Boaz told the close kinsman about the piece of land, a field that Naomi's husband owned, and offered it to him by revealing or uncovering the information in his ear so that he could hear it. He gave him the opportunity to purchase it in the presence of the local people that were there watching the events unfold, including the elders. And as they heard it, he knew that they were the official witness of the transaction. The close kinsman said that he was willing to redeem the property, buy it back so that it would stay in Elimelech's family, of whom Naomi was the widow and past childbearing age, instead of selling it to some other family. He was the one who had the first right of redemption, and the succession of the land was to occur among the male descendants. He wanted to purchase the field and retain it for his own inheritance by way of Naomi. Boaz, though, told the kinsman that there were some additional details that he should be aware of about acquiring the field, especially that Naomi's daughter-in-law, Ruth, and her husband, Elimelech's son, had died without a son, and therefore, he would need to raise children with Ruth, so as to produce a seed for not only Ruth's offspring but for the offspring of Elimelech and carrying on the family name so that that son would ultimately get the inheritance.
Hearing that news, the kinsman that was closer than Boaz rejected that, saying that he already had an inheritance with his own family and that he didn't want this to interfere with that, and then gave Boaz the opportunity to be able to step in and be the kinsman redeemer for Naomi and Ruth. And he did that excitedly. The close kinsman, as he rejected the land and the people, he demonstrated an intentional act to say no to that. And even you'll see in the Scriptures there that he handed a shoe or a sandal as a sign of the decision of the transaction that was made. Boaz then took the property, but also the responsibility of having a child with Ruth and becoming her husband.
The time of the Year of Jubilee had arrived literally when this was done, plus in the figurative sense of redeeming both the land and the people back to God. The witness was complete. The attestation of the events were spoken and performed, declaring it and bringing it to light in confirming that the outcome was authentic and valid. All the people and elders attending said they were witnesses, and then they prayed to God regarding Ruth bearing a son, even though she had been bearing during her marriage with Mahlon, Elimelech's son, and regarding Boaz living with valor and having a name throughout Bethlehem. They referred even to Rachel and Leah, who bore 12 sons, and then the house of Pharez, which is referred to in verses 18 and 19 when Tamar boarded Judah in accordance with the laws of Judah to bear a legitimate child. Boaz legally redeemed Naomi and Ruth, taking Ruth as his wife. God gave Ruth the ability to conceive to Boaz, and she bore a son. Ruth recognized that this son was legally the heir of the whole inheritance and so allowed Naomi to raise him as her own grandson. What a great Year of Jubilee.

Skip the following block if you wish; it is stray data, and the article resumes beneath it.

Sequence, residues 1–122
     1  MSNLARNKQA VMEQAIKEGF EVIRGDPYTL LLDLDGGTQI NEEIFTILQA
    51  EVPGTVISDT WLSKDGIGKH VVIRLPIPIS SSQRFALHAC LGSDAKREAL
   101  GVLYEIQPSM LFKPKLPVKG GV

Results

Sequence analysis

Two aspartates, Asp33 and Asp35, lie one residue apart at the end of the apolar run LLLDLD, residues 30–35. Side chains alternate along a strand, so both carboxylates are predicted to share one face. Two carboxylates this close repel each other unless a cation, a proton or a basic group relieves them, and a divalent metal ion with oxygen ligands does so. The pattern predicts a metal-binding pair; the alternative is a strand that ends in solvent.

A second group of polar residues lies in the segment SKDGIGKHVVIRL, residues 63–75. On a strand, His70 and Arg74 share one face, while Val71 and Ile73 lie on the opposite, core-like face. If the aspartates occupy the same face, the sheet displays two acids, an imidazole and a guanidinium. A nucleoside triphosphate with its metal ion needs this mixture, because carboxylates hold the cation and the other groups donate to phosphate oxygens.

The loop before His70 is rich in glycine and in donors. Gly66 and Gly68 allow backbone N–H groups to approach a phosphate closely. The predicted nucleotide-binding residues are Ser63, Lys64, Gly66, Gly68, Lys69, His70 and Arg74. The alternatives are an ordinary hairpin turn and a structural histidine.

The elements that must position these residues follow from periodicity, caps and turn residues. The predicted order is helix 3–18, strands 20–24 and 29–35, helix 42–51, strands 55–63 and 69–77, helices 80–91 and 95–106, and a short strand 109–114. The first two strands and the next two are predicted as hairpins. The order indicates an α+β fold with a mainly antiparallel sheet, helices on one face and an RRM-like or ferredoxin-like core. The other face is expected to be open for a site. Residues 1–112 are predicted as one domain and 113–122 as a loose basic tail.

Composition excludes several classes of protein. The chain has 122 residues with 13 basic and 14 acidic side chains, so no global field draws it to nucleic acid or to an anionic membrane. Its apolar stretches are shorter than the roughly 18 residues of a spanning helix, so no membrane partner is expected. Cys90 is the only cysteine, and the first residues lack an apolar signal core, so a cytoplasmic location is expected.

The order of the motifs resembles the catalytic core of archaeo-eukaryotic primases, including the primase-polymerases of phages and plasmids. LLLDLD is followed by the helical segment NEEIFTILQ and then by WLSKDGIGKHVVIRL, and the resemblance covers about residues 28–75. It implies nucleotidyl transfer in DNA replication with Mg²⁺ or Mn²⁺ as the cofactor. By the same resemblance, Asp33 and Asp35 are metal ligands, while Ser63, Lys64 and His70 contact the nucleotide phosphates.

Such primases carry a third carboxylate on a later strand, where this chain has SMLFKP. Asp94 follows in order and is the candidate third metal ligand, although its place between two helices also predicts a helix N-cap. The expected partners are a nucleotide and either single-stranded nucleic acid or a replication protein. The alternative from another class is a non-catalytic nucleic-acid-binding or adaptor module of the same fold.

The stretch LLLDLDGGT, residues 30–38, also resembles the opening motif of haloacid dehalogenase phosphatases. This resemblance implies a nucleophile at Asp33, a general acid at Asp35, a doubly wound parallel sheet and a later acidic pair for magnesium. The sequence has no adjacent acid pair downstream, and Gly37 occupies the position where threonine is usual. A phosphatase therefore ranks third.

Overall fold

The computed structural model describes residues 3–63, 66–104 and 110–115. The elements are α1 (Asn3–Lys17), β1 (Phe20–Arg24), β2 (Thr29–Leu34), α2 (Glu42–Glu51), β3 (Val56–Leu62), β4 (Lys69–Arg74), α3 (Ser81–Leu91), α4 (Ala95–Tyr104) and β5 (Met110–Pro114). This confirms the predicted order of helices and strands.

Naomi accepted and nursed him, calling his name Obed. And as the Scripture says in verse 17, Obed became the father of Jesse, who was the father of King David. The prophet of God mentioned that. And David was born about 990 B.C. Plus, the Lord Jesus was in the line now of Ruth. Naomi was full again, full of blessings that God's grace had been poured on her through Ruth and Boaz and that town of Bethlehem. The 10 generations from Pharez to David are listed in that royal lineage of the king's family tree. The name of our true kinsman redeemer and king, the Lord Jesus Christ, would be made known not only in Bethlehem and in Israel, but throughout the whole world. And he would give eternal life to all of his people, no matter what ethnic background that they might have. What an amazing story as you consider what took place.
Now, the concept of the kinsman redeemer is important because it's a picture in Ruth of what Jesus Christ did for us. We were born in sin, but we were from the hand of God in creation. He made us, but we needed to be redeemed now. And just like Ruth needed someone to step in to save her and Naomi and the land that was Elimelech's, so Jesus Christ died on the cross, knowing that there was no other way for us to have redemption but through Jesus stepping in and giving a blood sacrifice of all of himself for our redemption so that we can have eternal life and claim our inheritance as the children of God. What a cool story for us to reflect on, not only historically, not only as a love story that's birthed out of despair and hopelessness, but also as a picture of what Christ has done for us. Ruth, small book with powerful implications for us even today.